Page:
Olive Market Memories with Carolyn O’Neil
As a kid I always liked olives, especially the really big black pitted olives because they ﬁt right on the tips of your ﬁngers which was an acceptable way to play with your food. But, then I discovered the real culinary wonder of olives. I attended an Oldways conference in Morocco in 1994 along with historians, physicians from Harvard, nutrition researchers, cookbook authors, and a group of young U. S. chefs just beginning to work their way into food fame and fortune – including Todd English and Bobby Flay! It was then, while hosting and producing a CNN On The Menu program on the health beneﬁts of Mediterranean cuisines, that I toured an olive market in Casablanca with the ultimate olive impresario Fausto Luchetti, executive director of the International Olive Oil Council.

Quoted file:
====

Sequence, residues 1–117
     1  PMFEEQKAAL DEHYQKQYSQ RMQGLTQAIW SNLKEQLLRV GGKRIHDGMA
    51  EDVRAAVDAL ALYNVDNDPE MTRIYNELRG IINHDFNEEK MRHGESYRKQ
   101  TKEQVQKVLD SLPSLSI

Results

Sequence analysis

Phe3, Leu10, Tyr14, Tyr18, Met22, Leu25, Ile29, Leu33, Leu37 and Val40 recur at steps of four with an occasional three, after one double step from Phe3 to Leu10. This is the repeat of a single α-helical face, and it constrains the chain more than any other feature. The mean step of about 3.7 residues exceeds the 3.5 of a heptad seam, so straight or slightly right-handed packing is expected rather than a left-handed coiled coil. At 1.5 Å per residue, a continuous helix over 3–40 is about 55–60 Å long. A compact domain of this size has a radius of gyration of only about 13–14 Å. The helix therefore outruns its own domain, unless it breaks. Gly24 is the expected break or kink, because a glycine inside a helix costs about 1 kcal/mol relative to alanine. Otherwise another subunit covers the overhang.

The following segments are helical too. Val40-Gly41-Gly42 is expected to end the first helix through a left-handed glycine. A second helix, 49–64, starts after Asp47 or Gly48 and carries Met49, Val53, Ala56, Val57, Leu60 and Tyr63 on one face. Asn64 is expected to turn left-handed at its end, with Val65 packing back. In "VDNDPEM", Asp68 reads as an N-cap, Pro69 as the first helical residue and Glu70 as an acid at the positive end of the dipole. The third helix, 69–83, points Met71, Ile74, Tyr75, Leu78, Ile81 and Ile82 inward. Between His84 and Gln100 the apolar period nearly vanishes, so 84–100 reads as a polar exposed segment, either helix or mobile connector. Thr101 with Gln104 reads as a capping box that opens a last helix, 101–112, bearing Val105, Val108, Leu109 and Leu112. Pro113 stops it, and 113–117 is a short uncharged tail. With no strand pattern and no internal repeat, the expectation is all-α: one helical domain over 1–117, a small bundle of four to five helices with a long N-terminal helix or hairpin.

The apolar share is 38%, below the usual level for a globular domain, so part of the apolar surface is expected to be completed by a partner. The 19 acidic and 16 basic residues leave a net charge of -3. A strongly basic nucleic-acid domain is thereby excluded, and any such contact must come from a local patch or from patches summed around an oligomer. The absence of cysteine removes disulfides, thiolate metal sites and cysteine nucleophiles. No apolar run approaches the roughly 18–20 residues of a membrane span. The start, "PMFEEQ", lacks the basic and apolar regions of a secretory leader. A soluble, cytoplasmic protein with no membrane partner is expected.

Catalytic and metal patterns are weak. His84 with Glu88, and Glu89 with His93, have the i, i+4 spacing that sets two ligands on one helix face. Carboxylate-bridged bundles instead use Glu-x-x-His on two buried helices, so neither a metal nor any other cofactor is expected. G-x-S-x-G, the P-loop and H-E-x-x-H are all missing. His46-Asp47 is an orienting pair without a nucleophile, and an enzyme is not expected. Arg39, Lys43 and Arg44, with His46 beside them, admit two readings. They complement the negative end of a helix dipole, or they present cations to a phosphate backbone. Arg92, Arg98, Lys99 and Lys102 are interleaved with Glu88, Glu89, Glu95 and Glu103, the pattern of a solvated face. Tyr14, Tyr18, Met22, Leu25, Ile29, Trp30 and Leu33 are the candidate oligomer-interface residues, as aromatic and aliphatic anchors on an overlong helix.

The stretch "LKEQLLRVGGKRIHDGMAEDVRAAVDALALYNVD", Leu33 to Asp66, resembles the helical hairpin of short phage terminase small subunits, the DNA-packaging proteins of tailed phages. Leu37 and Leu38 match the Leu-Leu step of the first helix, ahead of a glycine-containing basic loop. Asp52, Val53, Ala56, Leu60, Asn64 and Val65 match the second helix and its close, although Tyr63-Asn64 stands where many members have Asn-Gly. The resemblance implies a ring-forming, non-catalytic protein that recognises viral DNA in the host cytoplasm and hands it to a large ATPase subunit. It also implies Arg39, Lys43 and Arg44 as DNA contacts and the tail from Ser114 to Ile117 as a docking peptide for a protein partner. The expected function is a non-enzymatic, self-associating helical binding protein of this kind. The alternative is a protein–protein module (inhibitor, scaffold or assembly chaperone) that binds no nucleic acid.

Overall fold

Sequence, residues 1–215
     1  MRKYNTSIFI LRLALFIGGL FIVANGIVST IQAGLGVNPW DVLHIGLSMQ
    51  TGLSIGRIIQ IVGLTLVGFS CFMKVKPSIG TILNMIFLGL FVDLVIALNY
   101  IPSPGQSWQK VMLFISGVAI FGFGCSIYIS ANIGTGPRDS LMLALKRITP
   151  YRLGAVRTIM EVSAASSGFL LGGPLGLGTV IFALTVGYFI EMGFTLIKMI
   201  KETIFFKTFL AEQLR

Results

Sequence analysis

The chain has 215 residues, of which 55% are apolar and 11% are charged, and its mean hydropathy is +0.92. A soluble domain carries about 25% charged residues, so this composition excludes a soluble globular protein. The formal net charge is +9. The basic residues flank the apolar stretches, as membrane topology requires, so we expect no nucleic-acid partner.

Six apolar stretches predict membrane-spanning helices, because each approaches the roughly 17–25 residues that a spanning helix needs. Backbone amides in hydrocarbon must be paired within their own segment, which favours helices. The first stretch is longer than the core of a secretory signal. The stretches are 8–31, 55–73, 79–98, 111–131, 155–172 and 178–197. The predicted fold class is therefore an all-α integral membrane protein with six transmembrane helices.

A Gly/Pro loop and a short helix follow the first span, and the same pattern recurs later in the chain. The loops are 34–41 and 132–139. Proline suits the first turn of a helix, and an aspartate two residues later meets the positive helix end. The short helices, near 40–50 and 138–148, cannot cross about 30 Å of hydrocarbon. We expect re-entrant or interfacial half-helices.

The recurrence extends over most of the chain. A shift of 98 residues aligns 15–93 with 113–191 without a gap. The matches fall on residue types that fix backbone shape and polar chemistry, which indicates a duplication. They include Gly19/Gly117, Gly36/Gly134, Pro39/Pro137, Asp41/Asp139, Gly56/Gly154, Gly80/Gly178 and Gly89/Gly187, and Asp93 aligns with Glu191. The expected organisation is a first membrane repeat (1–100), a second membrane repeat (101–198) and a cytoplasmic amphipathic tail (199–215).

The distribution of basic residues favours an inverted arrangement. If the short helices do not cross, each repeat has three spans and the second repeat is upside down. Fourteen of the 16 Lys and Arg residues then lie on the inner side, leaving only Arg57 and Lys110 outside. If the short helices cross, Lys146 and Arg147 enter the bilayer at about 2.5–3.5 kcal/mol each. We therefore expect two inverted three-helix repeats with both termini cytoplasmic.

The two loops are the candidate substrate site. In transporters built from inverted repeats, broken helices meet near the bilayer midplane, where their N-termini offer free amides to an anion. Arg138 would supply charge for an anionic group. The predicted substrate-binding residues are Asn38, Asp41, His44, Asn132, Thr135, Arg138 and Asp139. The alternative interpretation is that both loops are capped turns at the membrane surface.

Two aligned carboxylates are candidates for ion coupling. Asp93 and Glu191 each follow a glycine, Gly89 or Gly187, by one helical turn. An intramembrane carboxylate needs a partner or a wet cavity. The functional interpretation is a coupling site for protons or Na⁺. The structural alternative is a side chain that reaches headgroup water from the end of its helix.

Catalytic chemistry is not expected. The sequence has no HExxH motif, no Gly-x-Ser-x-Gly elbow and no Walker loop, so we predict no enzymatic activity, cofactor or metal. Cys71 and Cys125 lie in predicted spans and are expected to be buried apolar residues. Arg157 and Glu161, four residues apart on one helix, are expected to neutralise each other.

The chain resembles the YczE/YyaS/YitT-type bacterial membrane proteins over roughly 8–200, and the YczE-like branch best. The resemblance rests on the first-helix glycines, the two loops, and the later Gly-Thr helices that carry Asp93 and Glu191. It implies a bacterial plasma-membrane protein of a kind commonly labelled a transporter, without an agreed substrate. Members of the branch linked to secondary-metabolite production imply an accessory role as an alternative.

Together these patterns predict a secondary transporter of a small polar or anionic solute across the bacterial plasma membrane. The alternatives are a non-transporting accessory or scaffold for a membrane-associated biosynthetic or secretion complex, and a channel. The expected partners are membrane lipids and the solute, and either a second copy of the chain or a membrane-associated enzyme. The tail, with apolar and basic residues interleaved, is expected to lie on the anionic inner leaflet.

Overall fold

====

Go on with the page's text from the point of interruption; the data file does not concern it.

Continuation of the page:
Like a scene from an Indiana Jones movie, we wound our way through crowded twisting streets to ﬁnd an open-air alcove ﬁlled with long rows of huge wooden barrels. I had arrived at olive central! There must have been over ﬁfty diﬀerent kinds of olives to choose from including black, dark green, light green, golden, large ones, small ones, and then special preparations such as olives scented with lemon, spiced with red harissa, or colorful mixes of various olives. Today, olive bars are part of the supermarket scenery from San Francisco to Syracuse. But, every time I see a super selection of olives in a grocery store or on a restaurant menu my mind goes on the road to Morocco and the time Oldways introduced me to the joy of diversity in olives.